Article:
Stevens-Developed Artificial Intelligence That Detects Fake News Could Be Used to Identify Conspiracy Theories
K.P. (Suba) Subbalakshmi and Yue Ning are using AI to identify markers of fake news on the web, including emotional provocation, low-level vocabulary and bot generation
An impassioned op-ed about, say, a social justice issue is intended to move you. It’s deliberately crafted to elicit an emotional response. But it’s also supposed to to be true. An op-ed in a fact-checked newspaper or magazine may be both emotional and informational.
That’s where it differs from fake news, which is high on emotion and low on truth. That’s one of the characteristic “tells” of fake news that K.P. (Suba) Subbalakshmi, founding director of Stevens Institute for Artificial Intelligence and professor of electrical and computer engineering, has found in her work using artificial intelligence (AI) and machine learning to separate truth from fiction online.
Subbalakshmi has designed an AI engine for detecting fake news. To understand what she needed to teach it to look for, she combed the technology literature for qualitative studies of fake news. A few characteristics emerged.
One is higher emotional content. “Fake news tends to be extremely provocative and emotionally out there on the negative side,” she said. “And when a piece of news or a post sounds like that, it tends to propagate faster and wider. Because of that, we found a way to extract these emotions automatically, without human intervention.”
Another is vocabulary complexity. “How rich is the vocabulary in that tweet? Is it sophisticated? Or is pitched at a very low level?” Less sophisticated language is associated with fake news. It also tends to have a high imagery score, which is a text’s ability to create a vivid picture in your mind. “All these things tend to be higher on a fake news piece,” she said.
Another telling characteristic is related less to the content itself and more to when it was shared, Subbalakshmi said. On Twitter, for instance, they measure the amount of time between an account’s creation and the tweeting of fake news. Bots move fast: fake news starts to emerge from them almost immediately.
“We feed these as some of the parameters into the engine that detects whether something's fake or not,” Subbalakshmi said. “And it has worked.”
Of course, none of these alone are necessarily indications of fake news; any one of them on its own might be considered a sign of good writing: accessible, evocative, or packing an emotional punch. But fake news often combines all of them.
Another tactic for unearthing fake news is to focus on the relationships between entities. We know these are false because we understand that the relationships between the entities are false.
But can AI detect fake news by identifying the fake relationships between entities? That’s what Yue Ning, Stevens Institute of Technology assistant professor of computer science, hopes the algorithm she is developing can do.
Ning and her Ph.D. students at the Schaefer School of Engineering & Science train their AI on open-source data sets such as FakeNewsNet, Celebrity, and Twitter, relying on natural language processing encoding models like Google's BERT (Bidirectional Encoder Representations from Transformers).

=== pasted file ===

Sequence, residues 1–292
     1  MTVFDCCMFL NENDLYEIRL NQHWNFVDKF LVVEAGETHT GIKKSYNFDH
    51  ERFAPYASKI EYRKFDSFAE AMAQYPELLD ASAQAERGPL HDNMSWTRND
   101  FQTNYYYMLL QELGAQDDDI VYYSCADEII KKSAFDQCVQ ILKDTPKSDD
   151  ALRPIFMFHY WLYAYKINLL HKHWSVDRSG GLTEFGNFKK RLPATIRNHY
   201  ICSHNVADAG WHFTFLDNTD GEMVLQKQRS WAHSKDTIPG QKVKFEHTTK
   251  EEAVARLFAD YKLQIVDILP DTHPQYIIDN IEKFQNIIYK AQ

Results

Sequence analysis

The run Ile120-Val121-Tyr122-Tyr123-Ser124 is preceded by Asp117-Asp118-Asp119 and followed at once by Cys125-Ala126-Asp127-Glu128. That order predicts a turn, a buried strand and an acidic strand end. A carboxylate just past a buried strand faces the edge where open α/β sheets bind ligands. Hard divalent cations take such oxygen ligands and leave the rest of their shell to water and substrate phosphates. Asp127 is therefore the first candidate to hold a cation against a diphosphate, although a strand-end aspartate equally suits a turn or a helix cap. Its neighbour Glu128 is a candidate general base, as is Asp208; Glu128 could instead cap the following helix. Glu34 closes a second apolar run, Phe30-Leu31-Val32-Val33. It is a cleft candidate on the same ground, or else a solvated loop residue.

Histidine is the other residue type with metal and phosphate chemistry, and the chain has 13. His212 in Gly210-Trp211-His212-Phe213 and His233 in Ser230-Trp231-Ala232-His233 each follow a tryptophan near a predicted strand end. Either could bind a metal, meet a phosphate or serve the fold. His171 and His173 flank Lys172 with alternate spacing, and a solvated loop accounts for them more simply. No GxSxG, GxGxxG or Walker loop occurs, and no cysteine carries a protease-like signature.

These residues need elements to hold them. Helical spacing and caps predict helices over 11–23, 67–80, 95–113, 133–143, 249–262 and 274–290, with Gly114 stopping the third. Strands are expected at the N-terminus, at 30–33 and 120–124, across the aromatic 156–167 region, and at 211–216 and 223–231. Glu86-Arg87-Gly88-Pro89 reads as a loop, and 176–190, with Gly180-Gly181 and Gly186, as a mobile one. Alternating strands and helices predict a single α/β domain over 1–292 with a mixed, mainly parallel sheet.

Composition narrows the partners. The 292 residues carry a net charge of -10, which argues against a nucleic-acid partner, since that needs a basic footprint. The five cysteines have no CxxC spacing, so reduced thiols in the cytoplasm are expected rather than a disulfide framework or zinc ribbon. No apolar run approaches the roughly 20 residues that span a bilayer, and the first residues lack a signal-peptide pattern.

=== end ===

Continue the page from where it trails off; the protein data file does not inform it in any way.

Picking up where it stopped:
Created by Arizona State University, FakeNewsNet’s stories are labeled either true or false. “So you can train your model to learn what is real and what is fake,” Ning said. “My team has been focused on detecting fake news by looking at the content. For example, the writing style, the grammar, the word usage.”
They’re also incorporating knowledge graphs into the algorithm. A knowledge graph organizes information about connections between pairs of entities. “We believe that sometimes when a news article is fake, it’s not only because of the way they write, but because they make up some fake relations between entities—between, for example, celebrities, or politicians. We think using knowledge graphs as a way to organize relationships among entities can improve the fake-news detection performance.”
These fake relationships are the hallmarks of conspiracy theories—ideas that propagate falsehoods by asserting that plots, or secret plans or agreements (especially by political powers) are at large when other explanations are more likely. Fake news fuels such theories, so much so that fake news and conspiracy theories are almost interchangeable terms. Because of these similarities, algorithms that are designed to detect fake news could also be used to identify conspiracies.
Despite its seemingly high-tech foundation, mass data gathering actually requires a lot of human labor, Subbalakshmi said, so many researchers rely on institutions with the capacity to create massive open-source data sets. This can lead to a time lag in the kinds of fake news they’re able to analyze. Fabrications connected to some of 2020’s biggest fake-news-generating topics await analysis in the future.
Ning pointed out that their focus is less on the specific kind of fake news than developing new technologies to find it in the first place. Nevertheless, they’ve had their algorithms comb through one public data set for COVID news and posts. “We focus on a different problem, which is, we are detecting hate speech against Asians in COVID-19. So it's not necessarily related to misinformation or fake news. But I think if we do have some COVID-19 related misinformation data, we will be able to apply the technologies we developed on that specific data and find out if there is any correlation between geo locations and fake news outbreak or fake news spreading, or a correlation between political opinions and the spreading of fake news.”
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